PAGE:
The global turmoil has only fuelled fears for the non-mining components in the Australian “two-speed” economy. The retail sector is already in crisis, with consumer spending contracting at the greatest rate for five decades. Manufacturers are continuing to slash output, and industrial workers are suffering further attacks on their wages and jobs. Other non-mining exporters have been hit by the previously rising value of the Australian dollar. Unemployment is expected to significantly increase in the next period, with job ads falling another 0.7 percent last month—the fourth consecutive decline.


Treasurer Wayne Swan has repeatedly attempted to downplay the situation. Asked yesterday about the likelihood of slower growth in China, he replied: “Well, it’s a possibility. You can’t rule anything out. We are in uncharted waters here.” He asserted: “China has the policy flexibility, as it’s demonstrated before, to continue to stimulate its domestic growth and of course the region.”


The treasurer did not explain the consequences for the Australian economy if Chinese growth were unable to be further stimulated through government spending.


Even without a Chinese slowdown, it is clear that the economic forecasts issued by the Australian Treasury and Reserve Bank will have to be revised substantially downward. Last Friday, the Reserve Bank slashed its 2011 growth forecast from 3.25 percent to 2 percent. The Labor government’s predictions of a return to budget surplus by 2012-13—on the basis of $22 billion in cuts and savings that were detailed in the budget last May—have already been blown out of the water.


Gillard and Swan, however, have stressed that they will not renege on their pledge to the financial markets to deliver the surplus, making clear they will deliver whatever additional cuts to social programs and infrastructure are needed to make up the shortfall. Swan yesterday admitted that the global turmoil “certainly makes it harder” to return the budget to surplus. Asked if that meant “you have to cut harder,” he replied, “Well, we’ll cross that bridge if we come to it.”


The Australian’s economics editor Michael Stutchbury noted today that the government’s anticipated 2012-13 surplus depended on a near-25 percent increase in tax revenues this year and next. If these revenues grew even slightly slower, at 20 percent, it “would carve $14 billion off next year’s bottom line and leave the budget wallowing in the red”—with equivalent spending cuts required.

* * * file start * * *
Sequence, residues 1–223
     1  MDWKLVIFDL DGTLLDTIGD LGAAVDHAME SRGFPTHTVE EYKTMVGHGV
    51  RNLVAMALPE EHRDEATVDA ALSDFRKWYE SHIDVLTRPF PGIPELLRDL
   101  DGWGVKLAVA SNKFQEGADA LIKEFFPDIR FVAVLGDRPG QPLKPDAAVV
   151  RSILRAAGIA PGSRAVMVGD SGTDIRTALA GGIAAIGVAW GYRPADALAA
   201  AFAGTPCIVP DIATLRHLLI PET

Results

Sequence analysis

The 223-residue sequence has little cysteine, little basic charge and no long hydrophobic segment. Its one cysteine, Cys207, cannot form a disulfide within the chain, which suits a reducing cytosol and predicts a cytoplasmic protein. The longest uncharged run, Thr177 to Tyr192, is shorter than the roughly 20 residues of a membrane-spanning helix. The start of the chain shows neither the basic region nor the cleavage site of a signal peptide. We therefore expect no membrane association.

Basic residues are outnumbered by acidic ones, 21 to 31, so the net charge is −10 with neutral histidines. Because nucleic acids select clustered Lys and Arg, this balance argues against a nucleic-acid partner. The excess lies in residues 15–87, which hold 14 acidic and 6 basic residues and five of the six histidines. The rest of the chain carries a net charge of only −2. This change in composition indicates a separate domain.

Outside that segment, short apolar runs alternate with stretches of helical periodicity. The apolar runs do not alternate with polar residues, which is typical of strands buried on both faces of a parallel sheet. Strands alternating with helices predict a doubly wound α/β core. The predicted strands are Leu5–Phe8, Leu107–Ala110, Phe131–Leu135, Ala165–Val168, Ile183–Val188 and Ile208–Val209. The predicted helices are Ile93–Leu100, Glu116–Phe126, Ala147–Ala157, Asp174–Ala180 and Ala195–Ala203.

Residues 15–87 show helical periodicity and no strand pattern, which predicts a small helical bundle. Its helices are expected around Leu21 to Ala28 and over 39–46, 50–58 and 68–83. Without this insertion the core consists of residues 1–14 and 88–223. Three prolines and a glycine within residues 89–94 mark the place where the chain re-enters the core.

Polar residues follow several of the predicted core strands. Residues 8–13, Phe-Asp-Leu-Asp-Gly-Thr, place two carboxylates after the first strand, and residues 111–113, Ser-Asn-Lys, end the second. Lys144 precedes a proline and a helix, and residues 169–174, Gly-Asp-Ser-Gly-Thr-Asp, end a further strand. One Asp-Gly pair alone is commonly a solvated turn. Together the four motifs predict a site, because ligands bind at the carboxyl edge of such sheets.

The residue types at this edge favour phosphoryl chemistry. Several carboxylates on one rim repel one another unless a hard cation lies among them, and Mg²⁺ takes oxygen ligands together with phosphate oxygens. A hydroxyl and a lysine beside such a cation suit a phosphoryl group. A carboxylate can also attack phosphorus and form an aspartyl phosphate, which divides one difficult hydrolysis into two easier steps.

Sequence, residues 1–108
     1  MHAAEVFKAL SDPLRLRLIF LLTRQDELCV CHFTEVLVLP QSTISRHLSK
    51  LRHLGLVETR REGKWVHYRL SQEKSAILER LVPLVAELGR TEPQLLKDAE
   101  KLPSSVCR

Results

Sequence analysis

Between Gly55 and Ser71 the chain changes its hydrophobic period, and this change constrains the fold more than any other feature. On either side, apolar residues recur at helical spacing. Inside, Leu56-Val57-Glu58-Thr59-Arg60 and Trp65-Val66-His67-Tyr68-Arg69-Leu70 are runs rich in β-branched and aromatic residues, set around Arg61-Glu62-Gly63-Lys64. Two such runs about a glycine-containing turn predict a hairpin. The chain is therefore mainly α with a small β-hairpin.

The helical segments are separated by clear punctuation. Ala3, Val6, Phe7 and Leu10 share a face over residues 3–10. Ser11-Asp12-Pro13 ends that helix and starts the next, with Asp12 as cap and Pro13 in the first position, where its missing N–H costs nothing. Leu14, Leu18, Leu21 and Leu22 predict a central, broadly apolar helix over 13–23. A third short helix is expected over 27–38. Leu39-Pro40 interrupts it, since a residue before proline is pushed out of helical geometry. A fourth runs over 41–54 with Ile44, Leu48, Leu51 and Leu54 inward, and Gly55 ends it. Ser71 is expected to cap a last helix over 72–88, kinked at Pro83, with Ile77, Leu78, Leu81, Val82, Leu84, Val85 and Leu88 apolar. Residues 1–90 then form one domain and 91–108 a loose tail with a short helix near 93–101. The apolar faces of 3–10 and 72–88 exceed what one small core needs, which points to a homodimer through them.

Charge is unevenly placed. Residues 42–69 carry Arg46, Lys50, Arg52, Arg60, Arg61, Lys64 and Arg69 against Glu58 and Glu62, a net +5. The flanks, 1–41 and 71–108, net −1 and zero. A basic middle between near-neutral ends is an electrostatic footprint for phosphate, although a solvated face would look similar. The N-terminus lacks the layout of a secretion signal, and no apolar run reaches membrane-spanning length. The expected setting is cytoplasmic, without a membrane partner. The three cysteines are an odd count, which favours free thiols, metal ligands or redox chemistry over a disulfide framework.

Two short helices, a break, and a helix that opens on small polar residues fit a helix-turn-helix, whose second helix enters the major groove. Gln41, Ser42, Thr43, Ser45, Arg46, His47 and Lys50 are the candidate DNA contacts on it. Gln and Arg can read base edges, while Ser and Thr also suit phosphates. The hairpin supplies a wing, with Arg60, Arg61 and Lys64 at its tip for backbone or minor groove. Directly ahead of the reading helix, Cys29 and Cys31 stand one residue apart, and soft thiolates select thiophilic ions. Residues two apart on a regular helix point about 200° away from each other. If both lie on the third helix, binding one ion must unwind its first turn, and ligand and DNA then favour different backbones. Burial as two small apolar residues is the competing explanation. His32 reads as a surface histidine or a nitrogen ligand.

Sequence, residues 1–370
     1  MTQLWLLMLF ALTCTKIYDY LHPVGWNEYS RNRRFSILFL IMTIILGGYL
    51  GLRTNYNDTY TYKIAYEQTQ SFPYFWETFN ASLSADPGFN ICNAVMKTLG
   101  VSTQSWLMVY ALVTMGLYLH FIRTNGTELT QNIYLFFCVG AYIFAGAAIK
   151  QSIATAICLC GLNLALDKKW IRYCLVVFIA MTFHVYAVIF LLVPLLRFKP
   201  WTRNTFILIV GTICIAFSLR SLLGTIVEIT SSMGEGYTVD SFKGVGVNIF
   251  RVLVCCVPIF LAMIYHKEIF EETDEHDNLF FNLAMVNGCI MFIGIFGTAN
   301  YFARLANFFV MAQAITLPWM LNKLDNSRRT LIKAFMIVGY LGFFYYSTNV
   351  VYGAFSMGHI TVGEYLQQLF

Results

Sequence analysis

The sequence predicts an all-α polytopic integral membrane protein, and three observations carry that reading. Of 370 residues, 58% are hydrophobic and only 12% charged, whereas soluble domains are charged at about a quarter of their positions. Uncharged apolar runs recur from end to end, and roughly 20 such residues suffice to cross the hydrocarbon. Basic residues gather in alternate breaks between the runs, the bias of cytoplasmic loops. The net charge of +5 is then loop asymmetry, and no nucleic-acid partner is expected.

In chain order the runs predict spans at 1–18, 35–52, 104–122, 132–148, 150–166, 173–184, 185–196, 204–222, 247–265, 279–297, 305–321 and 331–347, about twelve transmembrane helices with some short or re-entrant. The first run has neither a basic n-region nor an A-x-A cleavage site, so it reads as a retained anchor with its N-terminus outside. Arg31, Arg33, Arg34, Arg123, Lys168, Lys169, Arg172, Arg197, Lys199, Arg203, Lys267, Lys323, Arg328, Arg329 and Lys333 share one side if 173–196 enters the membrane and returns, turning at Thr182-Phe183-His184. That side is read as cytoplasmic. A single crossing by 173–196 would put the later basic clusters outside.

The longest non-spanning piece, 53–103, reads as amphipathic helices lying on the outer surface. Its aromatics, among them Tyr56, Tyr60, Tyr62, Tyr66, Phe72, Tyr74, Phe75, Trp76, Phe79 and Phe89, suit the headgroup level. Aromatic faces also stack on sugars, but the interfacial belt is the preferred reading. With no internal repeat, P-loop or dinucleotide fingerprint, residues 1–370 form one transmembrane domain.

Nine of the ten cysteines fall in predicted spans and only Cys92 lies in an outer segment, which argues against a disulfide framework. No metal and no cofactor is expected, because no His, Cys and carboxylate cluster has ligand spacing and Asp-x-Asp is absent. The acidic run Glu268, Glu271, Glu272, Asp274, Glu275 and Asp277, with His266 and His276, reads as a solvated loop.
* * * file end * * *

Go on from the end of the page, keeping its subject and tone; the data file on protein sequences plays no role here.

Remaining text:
If tax revenues were to stagnate in the event of a sharp recession, the deficit would immediately blow out and only a brutal European-style austerity program would balance the budget.


The International Monetary Fund, despite issuing a generally optimistic assessment of the Australian economy in a report on Monday, has urged the government to “stress-test” its budget forecasts for a 30 percent slump in commodity export prices.


Global instability has fuelled the demands of big business and the media for the government to spearhead a major restructuring program, with various “free market” measures aimed at boosting the international competitiveness of Australian capitalism. The Australian’s editorial on Saturday—“As world economy teeters, Australia needs to reform”—demanded a “serious productivity agenda,” including the promotion of “labour flexibility,” i.e., the tearing up of even limited existing workplace conditions and protections.


The ruling elite is continuing its efforts to forge a government capable of delivering a regressive agenda that is opposed by the vast majority of the population. Just as much pressure is being exerted on the opposition Liberal-National coalition to advocate the acceleration of pro-market restructuring, as it is on the minority Labor government to implement it.


The media and corporate Australia has urged the opposition to outline a clear pro-business policy agenda instead of maintaining a near-exclusive focus on its populist campaign against the proposed carbon tax. The Australian yesterday declared: “The US’s predicament should be a stern warning to the Gillard government and the opposition. Big-spending, waste and irresponsible populism have no place in an increasingly unpredictable world order.”